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Noyori Academy Salon: Scientists and Artists

  • 2014/10/20
  • presented by Institute for Advanced Research

University Professor Ryoji Noyori, President of RIKEN and a Nobel Laureate in Chemistry (2001), has contributed numerous articles to "Kamitsubute" in Chunichi Shimbun since January 2013. Based on the articles, he holds regular academic talks with students at Nagoya University. At the Ninth Noyori Academy Salon, held on September 26, 2014, Prof. Noyori and four students from different backgrounds openly discussed the topic of "Scientists and Artists." -Science and arts are the accompanists of our life- stated by Prof. Noyori in the "Kamitsubute", he pointed out that scientists and artists should closely share intelligence, emotions and technologies. Creativity for the truth and virtue is not always born singly inside each field."

Intelligence and Emotions Shared in Need

Yutaro Saito, a second-year student at the Graduate School of Science

When I was a child, both music and science were my favorite; however my high-school-life has changed me. The more developed science and arts, the more difficult to understand the both.

Prof. Noyori

Science and arts exist in the same world. They may be considered as different studies and disciplines as science is disregarded by arts. However, we had better notice that both science and arts have a great potential to interchange. The important thing is to provide the connections to the next generation.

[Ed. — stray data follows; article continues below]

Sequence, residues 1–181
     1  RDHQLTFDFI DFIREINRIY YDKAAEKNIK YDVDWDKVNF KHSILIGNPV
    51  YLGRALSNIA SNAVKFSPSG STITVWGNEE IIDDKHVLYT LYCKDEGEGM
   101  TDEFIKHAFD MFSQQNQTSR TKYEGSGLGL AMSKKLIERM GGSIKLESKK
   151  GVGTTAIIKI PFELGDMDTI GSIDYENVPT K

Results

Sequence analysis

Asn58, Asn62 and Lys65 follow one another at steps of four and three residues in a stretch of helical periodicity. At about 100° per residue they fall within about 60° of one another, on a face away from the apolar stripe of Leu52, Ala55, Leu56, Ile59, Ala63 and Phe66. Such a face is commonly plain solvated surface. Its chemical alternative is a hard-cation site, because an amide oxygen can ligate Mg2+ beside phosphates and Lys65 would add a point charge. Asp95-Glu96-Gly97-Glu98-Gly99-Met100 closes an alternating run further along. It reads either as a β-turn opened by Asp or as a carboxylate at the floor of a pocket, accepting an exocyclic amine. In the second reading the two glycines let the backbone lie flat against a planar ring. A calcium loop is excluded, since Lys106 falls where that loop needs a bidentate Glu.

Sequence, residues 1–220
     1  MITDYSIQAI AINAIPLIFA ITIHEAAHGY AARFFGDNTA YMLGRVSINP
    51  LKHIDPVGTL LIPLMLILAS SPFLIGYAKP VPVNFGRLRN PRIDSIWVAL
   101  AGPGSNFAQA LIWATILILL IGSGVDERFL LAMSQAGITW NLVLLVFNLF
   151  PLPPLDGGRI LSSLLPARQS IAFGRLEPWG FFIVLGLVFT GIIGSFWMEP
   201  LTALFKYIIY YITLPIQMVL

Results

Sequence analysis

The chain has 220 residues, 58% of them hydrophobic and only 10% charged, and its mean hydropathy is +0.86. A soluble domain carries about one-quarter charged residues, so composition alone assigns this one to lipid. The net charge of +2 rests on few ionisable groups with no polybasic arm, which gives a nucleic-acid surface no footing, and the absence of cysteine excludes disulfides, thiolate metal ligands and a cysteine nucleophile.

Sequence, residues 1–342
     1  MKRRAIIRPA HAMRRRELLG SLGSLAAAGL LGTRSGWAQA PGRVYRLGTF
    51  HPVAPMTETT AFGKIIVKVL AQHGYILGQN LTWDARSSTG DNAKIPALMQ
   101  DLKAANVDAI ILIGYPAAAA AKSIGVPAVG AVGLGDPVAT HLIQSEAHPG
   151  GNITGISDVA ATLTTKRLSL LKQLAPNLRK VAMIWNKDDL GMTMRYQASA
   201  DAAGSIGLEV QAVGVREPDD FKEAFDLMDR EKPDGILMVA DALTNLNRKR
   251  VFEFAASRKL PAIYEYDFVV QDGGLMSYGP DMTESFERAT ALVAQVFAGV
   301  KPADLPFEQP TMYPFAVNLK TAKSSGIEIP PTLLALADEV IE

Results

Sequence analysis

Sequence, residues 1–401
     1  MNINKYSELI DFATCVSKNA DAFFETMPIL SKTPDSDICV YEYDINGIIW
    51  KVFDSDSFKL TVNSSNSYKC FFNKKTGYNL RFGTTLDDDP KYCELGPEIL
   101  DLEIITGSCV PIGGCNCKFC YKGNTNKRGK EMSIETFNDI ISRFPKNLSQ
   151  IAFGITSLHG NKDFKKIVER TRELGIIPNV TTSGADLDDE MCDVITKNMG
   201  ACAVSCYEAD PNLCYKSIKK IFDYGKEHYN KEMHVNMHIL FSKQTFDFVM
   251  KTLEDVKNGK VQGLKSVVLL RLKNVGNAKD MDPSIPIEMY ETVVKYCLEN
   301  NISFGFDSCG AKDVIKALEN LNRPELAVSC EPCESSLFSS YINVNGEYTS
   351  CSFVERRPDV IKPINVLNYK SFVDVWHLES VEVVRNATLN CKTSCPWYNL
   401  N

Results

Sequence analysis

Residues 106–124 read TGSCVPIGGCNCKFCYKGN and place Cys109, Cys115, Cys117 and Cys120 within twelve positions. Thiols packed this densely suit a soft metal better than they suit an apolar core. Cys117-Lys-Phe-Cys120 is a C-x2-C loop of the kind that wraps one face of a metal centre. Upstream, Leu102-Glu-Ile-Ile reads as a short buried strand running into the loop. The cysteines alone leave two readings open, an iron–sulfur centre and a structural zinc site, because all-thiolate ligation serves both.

Hanako Hagio, a first-year student at the Graduate School of Bioagricultural Sciences

My elder sister was a musician; at the same time, she liked math. If scientists hold a science café as musicians play in concerts after a lot of practice, science and arts may be associated with each other.

Prof. Noyori

Scientists have to describe and present the interests of science to artists in an easier way. I have got an opportunity to talk at the evening event for science and arts; unfortunately, however, audiences don't listen to my talk although they enjoy pianist's performance.

Narumi Hiramatsu, a sophomore at the School of Medicine

I feel that young people nowadays consider what they express as they like is the arts.

Prof. Noyori

We should tackle science and arts through a more positive action for ourselves. Rather, we are apt to accept passively what is happening. For example, young people try to control computers for their usage, but in reality computers are using those people on the other way around. It turns out that young people are just accepting or enjoying conditions of being passive.

Ryo Hasebe, a first-year student at the Graduate School of Medicine

I wonder if artists could express what scientists want to appeal with their enthusiasm.

Prof. Noyori

Artists convey a thought or feeling as others could understand. You are advised to make a clear-cut explanation of what you are doing in your research even to your father and mother.

You Xia, a sophomore at the School of Science

We need to further extend the knowledge of both science and arts to the public. I wonder how to make it possible.

Prof. Noyori

Science starts from zero and its advancement is endless. My son is a painter. Once he reaches a maximum state, he hasn't much scope left for the next action. I suggest that he should study a little more of science, and then he would gain a new creative idea. Arts can make a different story by absorbing different ideas from other fields including science.

Original article published in Chunichi Shimbun on September 27, 2014.


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